It seems 280 characters are enough to get a person in legal trouble. Yes, you can tweet, your way into a courtroom no matter who you are, a Member of Parliament or an average person.
No wonder, outspoken Member of Parliament, Temba Mliswa is now subject to a lawsuit by a fellow legislator, Mr. Killer Zivhu, because of the tweets he posted. It’s not only an unusual lawsuit but also, it’s a high priced lawsuit for Mr. Mliswa as he stands to pay $1 million should he be found guilty.
What was the tweet about?
In his court papers, Mr. Zivhu is saying that Mr. Mliswa tweeted that he (Mr. Zihvu) had corruptly acquired land in Norton, an allegation that is untrue according to him. Since it is untrue, Mr. Zivhu has taken it to the courts saying Mr. Mliswa’s tweets are defamatory. What’s interesting is that Mr. Zivhu seem to be trying to quantify the extent of the defamation by referring to the number of followers of Mr. Mliswa’s Twitter account and the number retweets the said defamatory tweets have had.
The defendant’s Twitter account is widely viewed as he has a large number of followers and these particular tweets have been retweeted by other Twitter users, thereby further broadening the viewership of these defamatory tweets and allegations, Printouts of the mentioned tweets and published articles are hereby attached as annexures. Moreover, several articles have been published on several news websites including Zimeye, The Sunday Mail and TheZimbabwe.co, who all quoted the defendant as the source…….The damage caused to the plaintiff is continuing because the articles are still available online and the tweets continue to circulate on social media platforms, thereby perpetuating the harm that has been perpetrated on the plaintiff’s reputation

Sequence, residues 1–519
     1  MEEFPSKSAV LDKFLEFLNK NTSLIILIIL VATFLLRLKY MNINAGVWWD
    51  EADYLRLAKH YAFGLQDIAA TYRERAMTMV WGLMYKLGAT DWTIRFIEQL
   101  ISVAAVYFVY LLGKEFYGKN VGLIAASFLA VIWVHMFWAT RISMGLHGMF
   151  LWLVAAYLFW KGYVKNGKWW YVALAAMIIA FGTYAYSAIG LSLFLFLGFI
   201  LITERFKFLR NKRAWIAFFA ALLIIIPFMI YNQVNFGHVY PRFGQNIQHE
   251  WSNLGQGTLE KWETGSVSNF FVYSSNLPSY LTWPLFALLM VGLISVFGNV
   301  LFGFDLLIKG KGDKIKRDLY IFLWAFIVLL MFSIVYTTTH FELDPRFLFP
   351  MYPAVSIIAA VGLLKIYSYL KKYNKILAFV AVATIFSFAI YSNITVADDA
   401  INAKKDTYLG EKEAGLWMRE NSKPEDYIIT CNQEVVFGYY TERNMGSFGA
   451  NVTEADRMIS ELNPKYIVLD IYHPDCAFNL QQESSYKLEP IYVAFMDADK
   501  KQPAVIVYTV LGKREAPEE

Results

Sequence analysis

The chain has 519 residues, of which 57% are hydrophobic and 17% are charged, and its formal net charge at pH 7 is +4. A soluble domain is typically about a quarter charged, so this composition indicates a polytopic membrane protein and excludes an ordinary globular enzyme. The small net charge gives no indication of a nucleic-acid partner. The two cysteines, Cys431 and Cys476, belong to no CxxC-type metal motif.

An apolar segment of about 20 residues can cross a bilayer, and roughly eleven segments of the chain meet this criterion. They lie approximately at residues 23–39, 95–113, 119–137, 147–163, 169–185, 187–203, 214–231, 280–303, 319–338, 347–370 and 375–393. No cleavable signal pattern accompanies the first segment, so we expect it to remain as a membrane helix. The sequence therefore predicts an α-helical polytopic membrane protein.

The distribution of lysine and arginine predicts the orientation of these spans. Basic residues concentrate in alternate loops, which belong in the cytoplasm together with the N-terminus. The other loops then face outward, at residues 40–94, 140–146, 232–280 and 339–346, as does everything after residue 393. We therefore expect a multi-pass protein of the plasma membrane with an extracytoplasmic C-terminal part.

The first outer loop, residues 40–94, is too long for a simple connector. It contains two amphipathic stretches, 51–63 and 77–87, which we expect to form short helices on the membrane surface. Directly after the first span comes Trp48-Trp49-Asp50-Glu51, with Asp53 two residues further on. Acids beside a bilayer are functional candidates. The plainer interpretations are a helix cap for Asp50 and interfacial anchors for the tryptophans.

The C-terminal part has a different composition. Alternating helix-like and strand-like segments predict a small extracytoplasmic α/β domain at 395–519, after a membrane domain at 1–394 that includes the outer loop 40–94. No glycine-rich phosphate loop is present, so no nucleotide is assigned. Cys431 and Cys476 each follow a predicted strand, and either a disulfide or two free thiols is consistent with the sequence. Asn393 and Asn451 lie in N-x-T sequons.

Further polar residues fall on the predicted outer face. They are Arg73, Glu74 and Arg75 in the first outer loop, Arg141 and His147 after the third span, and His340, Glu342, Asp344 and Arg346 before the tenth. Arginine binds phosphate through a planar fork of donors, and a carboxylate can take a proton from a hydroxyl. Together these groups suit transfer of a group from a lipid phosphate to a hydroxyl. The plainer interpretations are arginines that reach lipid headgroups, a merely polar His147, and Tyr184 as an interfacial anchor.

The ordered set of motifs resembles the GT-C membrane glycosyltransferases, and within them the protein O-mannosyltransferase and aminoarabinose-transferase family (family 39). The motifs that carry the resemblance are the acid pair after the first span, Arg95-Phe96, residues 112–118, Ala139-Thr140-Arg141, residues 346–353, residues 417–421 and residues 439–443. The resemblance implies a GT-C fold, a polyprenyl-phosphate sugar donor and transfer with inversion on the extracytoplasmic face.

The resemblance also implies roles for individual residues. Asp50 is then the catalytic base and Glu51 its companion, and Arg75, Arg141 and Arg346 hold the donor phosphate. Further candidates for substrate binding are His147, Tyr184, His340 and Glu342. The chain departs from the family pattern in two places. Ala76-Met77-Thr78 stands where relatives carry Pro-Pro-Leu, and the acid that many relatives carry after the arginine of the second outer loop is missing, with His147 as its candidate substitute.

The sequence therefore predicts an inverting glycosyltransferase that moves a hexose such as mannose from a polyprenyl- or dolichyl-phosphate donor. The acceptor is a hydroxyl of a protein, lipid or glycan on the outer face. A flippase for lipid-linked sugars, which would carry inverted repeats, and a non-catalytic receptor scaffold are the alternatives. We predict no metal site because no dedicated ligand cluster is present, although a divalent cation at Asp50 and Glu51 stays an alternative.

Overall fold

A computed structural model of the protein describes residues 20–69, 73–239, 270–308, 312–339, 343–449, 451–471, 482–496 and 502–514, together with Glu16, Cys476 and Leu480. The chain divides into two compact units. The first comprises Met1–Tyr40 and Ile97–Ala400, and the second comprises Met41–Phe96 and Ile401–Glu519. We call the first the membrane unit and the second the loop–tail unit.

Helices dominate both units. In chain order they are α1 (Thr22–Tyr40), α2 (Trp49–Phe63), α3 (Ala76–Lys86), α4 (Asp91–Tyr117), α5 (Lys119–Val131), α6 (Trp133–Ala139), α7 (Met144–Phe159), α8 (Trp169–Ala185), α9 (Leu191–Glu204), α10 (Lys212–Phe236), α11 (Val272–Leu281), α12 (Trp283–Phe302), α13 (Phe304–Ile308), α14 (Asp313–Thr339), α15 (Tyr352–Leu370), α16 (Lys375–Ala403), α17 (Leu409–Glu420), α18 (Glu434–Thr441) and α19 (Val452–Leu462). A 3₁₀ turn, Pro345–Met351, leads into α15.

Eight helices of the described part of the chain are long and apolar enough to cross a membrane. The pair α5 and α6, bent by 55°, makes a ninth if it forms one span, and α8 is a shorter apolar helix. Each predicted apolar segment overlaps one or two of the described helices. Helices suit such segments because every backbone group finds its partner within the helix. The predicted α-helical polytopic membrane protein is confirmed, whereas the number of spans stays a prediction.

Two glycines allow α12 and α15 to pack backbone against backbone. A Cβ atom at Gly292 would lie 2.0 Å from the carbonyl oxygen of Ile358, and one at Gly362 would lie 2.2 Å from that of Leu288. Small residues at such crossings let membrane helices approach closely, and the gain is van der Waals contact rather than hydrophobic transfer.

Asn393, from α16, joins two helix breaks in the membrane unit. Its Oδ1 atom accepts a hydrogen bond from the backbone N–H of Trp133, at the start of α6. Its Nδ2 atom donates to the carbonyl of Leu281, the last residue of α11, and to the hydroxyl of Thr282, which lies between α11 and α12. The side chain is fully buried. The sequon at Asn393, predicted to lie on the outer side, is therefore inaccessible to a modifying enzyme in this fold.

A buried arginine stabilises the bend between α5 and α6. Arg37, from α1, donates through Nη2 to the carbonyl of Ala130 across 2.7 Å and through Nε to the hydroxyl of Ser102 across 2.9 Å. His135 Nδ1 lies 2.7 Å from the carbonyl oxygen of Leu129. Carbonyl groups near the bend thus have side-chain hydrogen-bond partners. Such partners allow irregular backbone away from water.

While our constitution protects freedom of speech, it doesn’t give you a license to say whatever you want. What’s definitely not protected is defamation, which consists of smear campaigns (written, broadcast, or otherwise published words that do damage to a person or their reputation) and slander (the same thing, but spoken aloud).
Laws world over have historically not kept up with technology, so it will be interesting to see what the verdict will be saying on the issue of social media. The issue could set a precedence. At the moment, the best thing you can do when tweeting is to use common sense. Seems simple, but with so many people tweeting first and thinking later, that might be easier said than done.